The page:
H.J. Res. 1, Joint Resolution proposing an amendment to the Constitution extending the right of suffrage to women, May 28, 1919
On May 28, 1919, the House voted 304 to 89 to approve the resolution proposing an amendment to the Constitution to grant women suffrage. The Senate followed suit on June 4 with a vote of 56 to 25. The votes met the two-thirds requirement to approve an amendment before sending it to the states for ratification.
Records of the U.S. Senate, National Archives and Records Administration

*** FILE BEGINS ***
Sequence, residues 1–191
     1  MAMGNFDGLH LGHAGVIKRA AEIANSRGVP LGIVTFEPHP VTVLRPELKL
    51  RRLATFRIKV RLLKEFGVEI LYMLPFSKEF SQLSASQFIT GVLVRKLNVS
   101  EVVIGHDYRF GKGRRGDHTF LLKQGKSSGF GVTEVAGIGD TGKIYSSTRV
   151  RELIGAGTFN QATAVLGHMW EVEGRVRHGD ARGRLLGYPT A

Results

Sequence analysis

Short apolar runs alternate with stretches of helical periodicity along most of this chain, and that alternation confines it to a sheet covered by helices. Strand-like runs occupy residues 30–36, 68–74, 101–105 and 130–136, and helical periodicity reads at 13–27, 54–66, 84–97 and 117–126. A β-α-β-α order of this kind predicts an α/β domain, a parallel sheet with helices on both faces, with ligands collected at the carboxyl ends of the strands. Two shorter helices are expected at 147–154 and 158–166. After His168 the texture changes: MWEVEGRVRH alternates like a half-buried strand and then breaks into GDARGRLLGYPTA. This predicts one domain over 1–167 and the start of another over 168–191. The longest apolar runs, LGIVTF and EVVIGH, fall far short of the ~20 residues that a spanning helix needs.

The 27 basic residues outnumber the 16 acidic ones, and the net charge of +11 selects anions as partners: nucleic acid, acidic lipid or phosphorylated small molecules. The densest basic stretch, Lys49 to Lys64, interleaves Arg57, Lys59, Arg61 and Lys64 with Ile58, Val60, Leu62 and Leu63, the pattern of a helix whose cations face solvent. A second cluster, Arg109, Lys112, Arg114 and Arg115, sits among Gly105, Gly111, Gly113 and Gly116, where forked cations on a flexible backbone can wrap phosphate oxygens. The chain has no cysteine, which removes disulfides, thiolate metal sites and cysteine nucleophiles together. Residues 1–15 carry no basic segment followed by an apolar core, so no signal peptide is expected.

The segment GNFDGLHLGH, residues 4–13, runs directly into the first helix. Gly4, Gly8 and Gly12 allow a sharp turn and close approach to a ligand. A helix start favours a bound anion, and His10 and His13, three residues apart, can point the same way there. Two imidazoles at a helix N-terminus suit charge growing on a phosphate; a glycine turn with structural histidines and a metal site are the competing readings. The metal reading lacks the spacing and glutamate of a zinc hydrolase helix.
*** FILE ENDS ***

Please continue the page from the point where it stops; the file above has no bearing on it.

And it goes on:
Women and the Vote
Thousands of women supported the war effort during World War I, from defense industry workers to Red Cross volunteers. Concurrently, women’s rights activists pressed Congress for the right to vote, highlighting women’s patriotism and service during wartime. Congress approved a resolution in 1919 proposing a Nineteenth Amendment to the Constitution to grant women suffrage. Following the amendment’s ratification in 1920, women could legally vote in national elections for the first time, though many were still limited in exercising the vote by state laws based on race.
Not only as workers but as voters, the war has called women over the top.
Harriot Stanton Blatch, Mobilizing Woman-Power, 1918